Top Ten

June 30, 2015

Report says Dal dentistry culture permitted “sexism, misogyny, homophobia, and racism”

An independent report investigating the scandal surrounding a misogynistic Facebook group at Dalhousie University has been released, saying that the culture of the Faculty of Dentistry permitted “incidents of sexism, misogyny, homophobia, and racism.” Furthermore, said panel chair Constance Backhouse, “This was not an isolated incident. And the status quo is unacceptable.” According to the report, one graduate said that the faculty existed in a “‘time warp,’ oblivious to social progress that has rendered some behaviour unacceptable.” Dal President Richard Florizone said that he accepted the findings of the panel, and that he hoped to have implemented the majority of the recommendations within 24 months. CBC | Globe and Mail | National Post (CP) | Full Report

Canada commits $5M for athletic facility upgrades at YorkU

The federal government will commit at least $5 M to upgrade the Toronto Track and Field Centre at York University as part of its funding for the Toronto 2015 Pan and Parapan American Games. The operation of the facility, which opened in 1979, is coordinated by a committee with members representing the City of Toronto, YorkU, and the track and field community. “Improvements to the Centre will allow Canadian track and field athletes to train year-long in a world-class facility and will help build Canada’s future track and field stars,” said Bal Gosal, Minister of State (Sport). Toronto Sun | Canada News Release

KPU students say they will refuse donations from pipeline company

Students at Kwantlen Polytechnic University are saying they will refuse scholarships funded by a $300,000 donation from Kinder Morgan. The donation agreement states that, if the Trans Mountain pipeline expansion project is approved, Kinder Morgan will commit about $15,000 per year for awards for apprenticeship and trades students, as well as fund a new environmental protection technical lab. Representatives from the Kwantlen Student Association (KSA) stated that they are opposed to the agreement, as it does not support KPU’s strategic goal of sustainability. The KSA further says that students should have been consulted and that the agreement is a “tacit endorsement of the pipeline project.” CBC | KSA News Release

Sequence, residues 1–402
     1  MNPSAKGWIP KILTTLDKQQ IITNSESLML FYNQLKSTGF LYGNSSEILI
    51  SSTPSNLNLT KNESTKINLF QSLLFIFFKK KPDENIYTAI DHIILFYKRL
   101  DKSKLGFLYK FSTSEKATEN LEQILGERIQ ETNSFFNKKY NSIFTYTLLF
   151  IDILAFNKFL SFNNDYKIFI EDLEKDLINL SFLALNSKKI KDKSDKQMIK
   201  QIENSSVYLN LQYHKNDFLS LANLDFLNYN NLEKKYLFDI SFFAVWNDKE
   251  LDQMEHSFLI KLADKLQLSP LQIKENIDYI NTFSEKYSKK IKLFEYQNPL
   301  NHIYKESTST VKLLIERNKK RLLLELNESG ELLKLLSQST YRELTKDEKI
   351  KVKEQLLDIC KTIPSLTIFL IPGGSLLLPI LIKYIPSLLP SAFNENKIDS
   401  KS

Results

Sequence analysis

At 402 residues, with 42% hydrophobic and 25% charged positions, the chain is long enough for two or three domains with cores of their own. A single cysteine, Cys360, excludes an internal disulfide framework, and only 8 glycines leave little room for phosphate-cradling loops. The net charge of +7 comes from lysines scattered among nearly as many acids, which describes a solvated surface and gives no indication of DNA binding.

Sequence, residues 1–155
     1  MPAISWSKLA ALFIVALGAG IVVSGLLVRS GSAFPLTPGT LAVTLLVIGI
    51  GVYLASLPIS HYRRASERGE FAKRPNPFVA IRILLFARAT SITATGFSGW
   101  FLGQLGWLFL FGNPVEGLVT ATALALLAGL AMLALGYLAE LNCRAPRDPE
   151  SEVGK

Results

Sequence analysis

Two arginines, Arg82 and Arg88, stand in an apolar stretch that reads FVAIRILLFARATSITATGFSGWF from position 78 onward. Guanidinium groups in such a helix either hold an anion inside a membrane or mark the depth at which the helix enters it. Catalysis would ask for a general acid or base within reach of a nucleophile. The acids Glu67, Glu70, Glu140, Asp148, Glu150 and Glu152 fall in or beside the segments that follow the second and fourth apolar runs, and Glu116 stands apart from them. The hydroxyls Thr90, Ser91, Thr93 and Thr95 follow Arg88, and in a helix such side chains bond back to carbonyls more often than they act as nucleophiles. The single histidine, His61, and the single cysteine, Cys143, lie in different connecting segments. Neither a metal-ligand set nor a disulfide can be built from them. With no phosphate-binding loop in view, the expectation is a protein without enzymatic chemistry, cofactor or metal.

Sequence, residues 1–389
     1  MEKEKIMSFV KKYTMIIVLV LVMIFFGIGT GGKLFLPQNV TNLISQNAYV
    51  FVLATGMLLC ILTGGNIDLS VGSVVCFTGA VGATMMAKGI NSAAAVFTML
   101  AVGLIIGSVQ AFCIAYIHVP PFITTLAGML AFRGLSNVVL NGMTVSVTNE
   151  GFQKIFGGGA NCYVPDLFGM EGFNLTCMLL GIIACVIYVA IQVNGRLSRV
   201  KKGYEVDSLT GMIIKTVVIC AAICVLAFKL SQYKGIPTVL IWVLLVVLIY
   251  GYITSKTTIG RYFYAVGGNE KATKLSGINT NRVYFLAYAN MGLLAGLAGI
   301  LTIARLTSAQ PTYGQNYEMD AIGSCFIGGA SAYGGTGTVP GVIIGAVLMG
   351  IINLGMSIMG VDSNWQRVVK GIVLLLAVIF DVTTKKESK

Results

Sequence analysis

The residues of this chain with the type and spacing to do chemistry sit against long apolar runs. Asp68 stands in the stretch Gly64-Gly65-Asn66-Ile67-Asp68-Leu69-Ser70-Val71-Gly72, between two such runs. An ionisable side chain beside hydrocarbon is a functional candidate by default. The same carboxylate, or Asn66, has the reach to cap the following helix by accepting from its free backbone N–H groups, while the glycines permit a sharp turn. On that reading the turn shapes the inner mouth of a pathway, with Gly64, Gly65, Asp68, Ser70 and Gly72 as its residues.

Keyano receives $1.5 M from feds for heavy equipment training

Canada has committed $1.5 M through Western Economic Diversification to support Keyano College’s delivery of Heavy Equipment Operator training to Aboriginal learners in the area. The funding, combined with funds from industry-partner Syncrude, will go towards the purchase of four mobile simulators and other equipment, allowing Keyano to train students in remote and rural locations. It is anticipated that the program will train close to 150 Aboriginal learners in the next four years. “The mobile simulators offer an exciting opportunity to diversify Keyano College programming while meeting the needs of our region’s Aboriginal and rural communities. This federal funding is an important investment in our students and the sustainability of postsecondary education in [the region],” said Keyano President Kevin F Nagel. Canada News Release

Education may actually increase income inequality, study says

“Education and training policy is not a silver bullet for solving inequality,” according to a new study of Canadian economic data. The forces behind rising income inequality in Canada, the authors argue, cannot be offset just by increasing the level of education. University benefits, for instance, skew toward middle- and upper-income households, and as such may increase inequality. Furthermore, an increased focus on college and apprenticeship programs may not help, unless low female participation rates and low completion rates are addressed. The study, to be published in Income Inequality: The Canadian Story, is based on analysis of census and labour force data from 1981 to 2013. Toronto Star | Full Study

TWU launches institute focused on Indigenous issues in three countries